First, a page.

SHOCHIKU STUDIO IS 100 YEARS OLD!
In 2011, we celebrated the centenary of Nikkatsu, the first-born of the major Japanese film studios, with a retrospective of twenty-five films. Two weeks before the opening of the 33rd Festival des 3 Continents, the Cinématographe had screened a cycle of ten films dedicated to the well-known “romans-pornos” that the studio had produced in an effort to stave off bankruptcy in the early 1970s. While our knowl- edge of Japanese cinema has grown over the dec- ades, we are admittedly still far from having taken stock of one of the world’s richest cinematographic heritages. Since its inception, and on its own scale, the Festival des 3 Continents has frequently endeav- oured to highlight the singularities of Japanese cin- ema’s invaluable legacy. Such was the case in 2012, when the Festival programmed the complete works of Shinji Somai, a barely known director, yet pivotal figure in the Japanese cinema of the 1980s.
For many, Shochiku is Mount Fuji and… Yasujiro Ozu. When the company first set up in 1895 (yes, indeed!) it specialised in producing kabuki performances, and decided to launch into filmmaking only in 1920. The first appearance of Mount Fuji on the Shochiku logo came later, in 1936. 20th Century Fox had its golden letters and monumental projectors sweeping the sky, MGM its roaring lion and Ars Gratia Artis motto, while the Japanese company appropriated the most sacred of Japan’s summits as a promise of quality and sign of prestige likely inspired by Paramount, which had opted for the silhouette of Mount Ben Lomond (Utah) in 1914. Moreover, Shochiku’s founders, Matsujiro and Takejiro Otani, had sent their younger brother to scout the United States and Europe during the 1910s. But this unmistakable blason aside, Shochiku did indeed reach the heights foreseen. Although the three masters, Kenji Mizoguchi, Mikio Naruse and Akira Kurosawa, made films for the studio – Kurosawa only two –, it was Yasujiro Ozu who remained Shochiku’s iconic filmmaker. He spent thirty-five years of his career (1927-1962) with the studio and made fifty-two of his fifty-four feature films there. Almost contemporaneous, Naruse trained at the studio as assistant director mainly to Gosho. Even so, he made twenty-four shorts and features over a short stretch from 1930 to 1934, before being pushed out by Shiro Kido, then director of Shochiku studios in Kamata in the Tokyo suburbs, as Kido and the film- maker were finding it hard to reconcile their visions. Later, Kido justified this exclusion: “Shochiku had no need of two Ozus”. We know what Ozu said many years later about Naruse, whose Floating Clouds (1955) he so admired that its shattering effect on him made him doubt the value of his own work.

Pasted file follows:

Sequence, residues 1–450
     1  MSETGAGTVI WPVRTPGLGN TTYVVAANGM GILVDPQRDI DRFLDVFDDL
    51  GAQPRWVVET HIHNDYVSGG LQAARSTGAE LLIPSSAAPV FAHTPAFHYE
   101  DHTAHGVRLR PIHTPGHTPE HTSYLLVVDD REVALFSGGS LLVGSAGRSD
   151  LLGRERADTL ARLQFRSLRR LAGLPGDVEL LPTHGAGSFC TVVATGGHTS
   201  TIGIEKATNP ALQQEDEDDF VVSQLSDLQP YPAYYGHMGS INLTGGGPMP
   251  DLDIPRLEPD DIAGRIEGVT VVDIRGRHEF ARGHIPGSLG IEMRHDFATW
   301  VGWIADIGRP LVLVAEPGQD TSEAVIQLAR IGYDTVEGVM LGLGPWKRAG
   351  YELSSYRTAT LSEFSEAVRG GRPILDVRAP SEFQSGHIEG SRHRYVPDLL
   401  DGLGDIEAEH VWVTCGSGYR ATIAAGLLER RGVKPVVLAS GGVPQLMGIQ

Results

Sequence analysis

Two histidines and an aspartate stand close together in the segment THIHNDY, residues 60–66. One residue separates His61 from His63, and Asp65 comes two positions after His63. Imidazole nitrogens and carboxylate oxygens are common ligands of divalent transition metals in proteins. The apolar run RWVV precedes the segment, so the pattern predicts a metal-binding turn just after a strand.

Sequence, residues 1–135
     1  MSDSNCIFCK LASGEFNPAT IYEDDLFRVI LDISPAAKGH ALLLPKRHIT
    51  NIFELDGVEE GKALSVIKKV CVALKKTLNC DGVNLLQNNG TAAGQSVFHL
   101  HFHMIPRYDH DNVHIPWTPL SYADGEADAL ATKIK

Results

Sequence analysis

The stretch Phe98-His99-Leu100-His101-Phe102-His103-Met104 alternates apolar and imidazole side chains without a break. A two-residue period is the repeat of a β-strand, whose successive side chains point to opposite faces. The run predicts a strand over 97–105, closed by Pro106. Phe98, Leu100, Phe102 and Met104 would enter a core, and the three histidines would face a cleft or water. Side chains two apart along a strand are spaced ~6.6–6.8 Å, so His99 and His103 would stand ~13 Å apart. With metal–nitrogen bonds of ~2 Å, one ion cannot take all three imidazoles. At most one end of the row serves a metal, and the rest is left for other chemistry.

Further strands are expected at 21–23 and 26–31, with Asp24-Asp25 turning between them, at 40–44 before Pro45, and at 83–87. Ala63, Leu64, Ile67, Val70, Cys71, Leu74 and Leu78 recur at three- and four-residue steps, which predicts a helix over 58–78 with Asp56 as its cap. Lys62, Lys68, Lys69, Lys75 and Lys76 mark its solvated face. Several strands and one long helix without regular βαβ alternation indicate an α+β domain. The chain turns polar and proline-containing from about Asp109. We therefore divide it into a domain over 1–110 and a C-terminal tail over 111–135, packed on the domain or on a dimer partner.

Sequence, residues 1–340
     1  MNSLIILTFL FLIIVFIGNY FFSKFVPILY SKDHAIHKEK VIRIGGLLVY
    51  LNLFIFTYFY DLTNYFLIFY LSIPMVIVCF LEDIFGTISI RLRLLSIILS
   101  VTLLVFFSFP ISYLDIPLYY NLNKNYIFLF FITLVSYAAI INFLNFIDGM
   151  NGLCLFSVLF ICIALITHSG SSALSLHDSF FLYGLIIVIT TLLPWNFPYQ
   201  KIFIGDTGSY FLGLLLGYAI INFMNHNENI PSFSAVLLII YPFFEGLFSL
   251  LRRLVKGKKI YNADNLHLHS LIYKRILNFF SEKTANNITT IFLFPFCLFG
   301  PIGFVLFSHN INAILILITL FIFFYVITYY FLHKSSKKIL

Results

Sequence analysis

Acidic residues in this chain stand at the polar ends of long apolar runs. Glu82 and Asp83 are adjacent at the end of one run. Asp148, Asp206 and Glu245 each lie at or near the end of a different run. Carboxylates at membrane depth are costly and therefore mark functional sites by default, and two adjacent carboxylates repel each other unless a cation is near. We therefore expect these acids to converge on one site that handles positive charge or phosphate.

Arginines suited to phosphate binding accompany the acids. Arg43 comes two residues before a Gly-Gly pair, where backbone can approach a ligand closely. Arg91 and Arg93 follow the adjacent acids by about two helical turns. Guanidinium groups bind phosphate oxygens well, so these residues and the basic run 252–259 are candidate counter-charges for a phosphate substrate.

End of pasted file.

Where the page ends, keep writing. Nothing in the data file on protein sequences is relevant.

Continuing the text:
Beyond the anecdote, the works that these two names evoke shed fundamental light on Shochiku’s positioning and perhaps to some extent on the reasons for its longevity. Out of the major historical studios that engaged in fierce competition at various points in their history, the only ones to survive alongside Shochiku are Nikkatsu and Toho (Toei only appeared in 1950). But one of the most valorous con- tributions of the now 100-year-old company was its extraordinary capacity to return to an unchanging motif – the everyday life of simple folk – in order to better relaunch it. And this constancy of Shochiku was what enabled, almost paradoxically, a profusion of aesthetics which found their most accomplished popular expression in Heinosuke Gosho, Hiroshi Shimizu, Keisuke Kinoshita and, much later, Yoji Yamada. With Ozu, and above all his stylistic developments, then the intermediary generation of Yuzo Kawashima and Masaki Kobayashi (first working as Kinoshita’s assistant and collaborating on several of his elder’s film scripts), who in many ways foreshadows the Japanese New Wave that Shochiku helped to launch by producing the first films of Nagisa Oshima (3 Continents 2007 retrospective), and with Kiju Yoshida and Masahiro Shinoda, the studio was constantly able to nuance the palette of its gendaigeki (film genre set in the modern world) and its shomingeki (a sub-genre inherited from popular theatre, whose characters are mostly lower-middle-class Japanese), oscillating between melodrama, drama and less easily classifiable works (Kawashima), or a more abrupt realism like Kobayashi’s Black River. And although the company was far from being the only one to produce this kind of film, it is decidedly difficult to distinguish the pages of cinema history written by the studio and the feeling that these films go beyond their own fictions to tell the story a country. This is the thread that we tried to lay down when building this programme, which willingly lets some noisy counterpoints ring out, giving back a place on screen to the films of Hideo Gosha, whose influence is detectable from Miike to Tarantino, or to the equally rare Yoshitaro Nomura, which opens the programme.
And then, there are also the faces that become more familiar with each showing – the faces of Kinuyo Tanaka (who, as a director, made her final film Love Under the Crucifix with Shochiku), Hideko Takamine, Chieko Baisho, Chishu Ryu, Tatsuya Nakadai, to name but a few, and the disquieting conviction, as we catch their eye, of being seen by the films rather than discovering them.